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. Last Updated: 07/27/2016

Nazarbayev's Term Extended Till 2000

ALMATY -- Kazakhstan President Nursultan Nazarbayev has won a landslide victory in a national referendum on extending his term until December 2000, official results confirmed Wednesday.


The central electoral commission said 95.46 percent of the more than 8 million people who voted in the former Soviet republic favored extending Nazarbayev's term in office. The turnout was 91.21 percent, it said in a statement.


The people of Kazakhstan had been asked in the referendum April 29 to vote "Yes" or "No" to a single question -- whether they wanted Nazarbayev to extend his term.


Nazarbayev, who would have faced presidential elections in December 1996, called the referendum last month after a constitutional crisis left the country without a parliament.


He had already cited preliminary results one day after the referendum that he had won 95.4 percent of the vote.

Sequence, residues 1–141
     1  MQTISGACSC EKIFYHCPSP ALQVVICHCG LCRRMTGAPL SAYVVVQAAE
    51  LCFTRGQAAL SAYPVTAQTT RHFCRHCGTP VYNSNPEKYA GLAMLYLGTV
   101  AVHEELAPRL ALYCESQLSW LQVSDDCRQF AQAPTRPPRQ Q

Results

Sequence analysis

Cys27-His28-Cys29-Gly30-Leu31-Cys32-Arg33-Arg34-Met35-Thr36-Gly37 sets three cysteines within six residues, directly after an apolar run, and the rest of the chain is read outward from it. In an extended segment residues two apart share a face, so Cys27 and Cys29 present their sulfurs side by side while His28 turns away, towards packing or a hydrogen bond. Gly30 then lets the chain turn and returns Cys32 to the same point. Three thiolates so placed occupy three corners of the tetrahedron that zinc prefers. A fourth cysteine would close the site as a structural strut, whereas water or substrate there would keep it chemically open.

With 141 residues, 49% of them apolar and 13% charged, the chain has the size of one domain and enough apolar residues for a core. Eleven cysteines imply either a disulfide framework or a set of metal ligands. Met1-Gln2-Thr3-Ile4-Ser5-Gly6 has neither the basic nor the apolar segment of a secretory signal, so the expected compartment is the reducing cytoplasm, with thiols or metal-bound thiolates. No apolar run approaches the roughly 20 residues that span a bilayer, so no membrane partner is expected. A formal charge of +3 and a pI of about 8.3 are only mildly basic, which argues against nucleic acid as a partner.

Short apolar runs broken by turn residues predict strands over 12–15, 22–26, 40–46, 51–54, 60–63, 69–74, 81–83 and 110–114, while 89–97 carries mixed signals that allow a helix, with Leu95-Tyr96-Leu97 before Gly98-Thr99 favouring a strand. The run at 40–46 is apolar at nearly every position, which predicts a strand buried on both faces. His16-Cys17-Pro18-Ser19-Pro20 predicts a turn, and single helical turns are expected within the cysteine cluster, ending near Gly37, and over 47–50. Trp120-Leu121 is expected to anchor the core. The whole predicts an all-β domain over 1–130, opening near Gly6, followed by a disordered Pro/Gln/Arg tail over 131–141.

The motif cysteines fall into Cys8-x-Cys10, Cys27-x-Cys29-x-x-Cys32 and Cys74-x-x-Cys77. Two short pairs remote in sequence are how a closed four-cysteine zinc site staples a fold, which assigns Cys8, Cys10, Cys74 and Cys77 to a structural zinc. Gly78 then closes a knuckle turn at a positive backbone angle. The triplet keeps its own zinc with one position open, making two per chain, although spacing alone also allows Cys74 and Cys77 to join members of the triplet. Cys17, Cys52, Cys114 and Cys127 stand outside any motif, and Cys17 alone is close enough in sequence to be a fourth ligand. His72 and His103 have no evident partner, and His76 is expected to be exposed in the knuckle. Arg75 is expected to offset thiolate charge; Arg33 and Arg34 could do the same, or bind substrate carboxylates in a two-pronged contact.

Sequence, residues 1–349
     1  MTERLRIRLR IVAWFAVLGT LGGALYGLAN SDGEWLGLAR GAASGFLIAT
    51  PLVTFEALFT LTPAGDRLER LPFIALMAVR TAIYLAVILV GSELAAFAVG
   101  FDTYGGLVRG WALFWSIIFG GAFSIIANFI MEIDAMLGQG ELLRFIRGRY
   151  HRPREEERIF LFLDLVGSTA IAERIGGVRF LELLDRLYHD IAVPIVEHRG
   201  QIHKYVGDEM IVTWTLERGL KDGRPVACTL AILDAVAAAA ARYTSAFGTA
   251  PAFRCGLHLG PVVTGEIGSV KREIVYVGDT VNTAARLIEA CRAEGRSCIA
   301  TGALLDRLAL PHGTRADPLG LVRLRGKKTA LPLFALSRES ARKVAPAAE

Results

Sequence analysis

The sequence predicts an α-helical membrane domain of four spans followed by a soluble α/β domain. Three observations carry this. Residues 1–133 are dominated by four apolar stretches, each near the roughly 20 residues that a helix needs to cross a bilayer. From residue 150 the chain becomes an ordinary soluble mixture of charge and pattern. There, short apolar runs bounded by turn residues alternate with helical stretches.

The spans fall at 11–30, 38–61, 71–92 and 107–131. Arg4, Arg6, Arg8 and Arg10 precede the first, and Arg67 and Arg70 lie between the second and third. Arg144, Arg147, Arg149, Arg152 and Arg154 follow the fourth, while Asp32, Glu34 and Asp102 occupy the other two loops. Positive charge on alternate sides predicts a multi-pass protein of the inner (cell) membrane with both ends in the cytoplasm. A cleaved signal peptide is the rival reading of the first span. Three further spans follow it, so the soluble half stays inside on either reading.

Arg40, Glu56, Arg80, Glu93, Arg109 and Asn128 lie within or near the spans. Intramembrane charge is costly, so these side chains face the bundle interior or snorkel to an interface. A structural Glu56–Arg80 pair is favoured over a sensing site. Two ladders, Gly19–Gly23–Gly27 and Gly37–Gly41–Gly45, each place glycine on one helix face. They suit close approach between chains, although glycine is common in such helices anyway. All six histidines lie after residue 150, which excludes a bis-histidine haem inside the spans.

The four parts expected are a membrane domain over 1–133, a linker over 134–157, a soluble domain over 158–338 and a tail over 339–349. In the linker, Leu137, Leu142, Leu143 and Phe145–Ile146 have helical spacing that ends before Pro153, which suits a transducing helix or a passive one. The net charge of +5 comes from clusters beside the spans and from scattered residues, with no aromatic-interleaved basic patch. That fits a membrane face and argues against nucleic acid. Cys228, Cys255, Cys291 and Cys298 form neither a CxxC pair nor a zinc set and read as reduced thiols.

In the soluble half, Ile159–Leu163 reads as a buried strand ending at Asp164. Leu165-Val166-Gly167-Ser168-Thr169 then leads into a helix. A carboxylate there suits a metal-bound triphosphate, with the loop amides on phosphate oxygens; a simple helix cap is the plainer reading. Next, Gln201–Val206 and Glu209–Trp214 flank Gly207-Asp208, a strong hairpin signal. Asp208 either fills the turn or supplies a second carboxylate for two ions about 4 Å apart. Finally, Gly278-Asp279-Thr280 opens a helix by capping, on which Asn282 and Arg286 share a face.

Kazakhstan is now set to press ahead with economic reform, ministers said.


Finance Minister Alexander Pavlov said the outcome of the weekend vote meant "continuation of the reforms -- the chance to work calmly and carry on with reform."


Deputy Prime Minister Viktor Sobolev said Kazakhstan, an oil-rich former Soviet republic bordering China, would combine political stability with energetic reform in the wake of Nazarbayev's victory.


Western governments saw the referendum and the term extension as a step away from democracy.


The two ministers, speaking at the annual meeting of the Asian Development Bank, said Kazakhstan was seeking fresh loans on top of the $60 million approved by the bank last year to finance key imports.


Kazakhstan and Kyrgyzstan, the bank's only former Soviet members, both joined in 1994.


Sobolev said Kazakhstan had managed to check inflation significantly so far this year, after prices rose 1,268 percent in 1994.


"In the first quarter we had 22 percent [inflation], and in April 3 percent. We've applied the brakes very hard, and we believe we'll be able to restrain, or rein back, inflation," Sobolev said in an interview.


"We believe our national bank has started to work well with monetary methods of control. We're keeping close watch on prices set by monopolies and carrying out demonopolization of certain sectors," he said.